Epidemiologists have been studying the effects of low doses of radiation on exposed workers for decades.
For many years scientists studying the health effects of radiation used epidemiological data gathered from survivors of the atomic bomb attacks on Japan. But in the mid 1970s the National Radiological Protection Board began a project to monitor the effect of ionising radiation on the health of workers occupationally exposed to low doses.
There have been three separate analyses of the data, with the most recent analysis report being published in 2009.
Important findings from the analyses to date are both the 'Healthy Worker Effect' and also that cancer risk estimates used by national and international bodies in the setting of radiation protection standards do seem to be consistent with those obtained from a population of UK employed radiation workers. This indicates that the measures currently in place in the UK workplace should provide adequate protection for the health of workers.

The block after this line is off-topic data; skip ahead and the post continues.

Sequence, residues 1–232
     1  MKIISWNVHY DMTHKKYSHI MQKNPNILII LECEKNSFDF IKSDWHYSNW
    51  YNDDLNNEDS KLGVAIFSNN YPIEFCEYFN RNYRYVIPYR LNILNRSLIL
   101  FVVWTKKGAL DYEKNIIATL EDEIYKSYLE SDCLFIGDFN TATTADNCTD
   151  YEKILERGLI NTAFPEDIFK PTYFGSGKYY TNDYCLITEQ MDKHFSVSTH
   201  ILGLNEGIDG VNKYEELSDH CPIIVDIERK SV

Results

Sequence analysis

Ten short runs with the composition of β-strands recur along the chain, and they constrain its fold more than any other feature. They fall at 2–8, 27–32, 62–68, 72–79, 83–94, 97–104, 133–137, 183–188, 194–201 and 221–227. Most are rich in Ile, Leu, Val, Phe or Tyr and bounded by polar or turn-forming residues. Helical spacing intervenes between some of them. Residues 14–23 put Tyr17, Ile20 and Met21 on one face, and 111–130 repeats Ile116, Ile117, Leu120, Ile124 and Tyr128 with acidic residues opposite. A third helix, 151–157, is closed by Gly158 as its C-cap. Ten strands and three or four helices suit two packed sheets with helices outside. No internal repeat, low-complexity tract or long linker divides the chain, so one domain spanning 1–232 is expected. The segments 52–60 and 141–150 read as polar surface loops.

The most recent report of the NRRW concluded that the analysis had provided the most precise estimates to date of the patterns of mortality and cancer incidence following occupational radiation exposure and that it strengthened the evidence for raised risks due to these exposures. They also noted that the cancer risk estimates obtained were consistent with values used by national and international bodies in setting radiation protection standards.
The authors also recommended the continued follow-up of the workers to see whether radiation-associated risks vary over time or by age, and also proposed the study of specific cancers and causes of death in more detail. The HPA will continue to develop this research.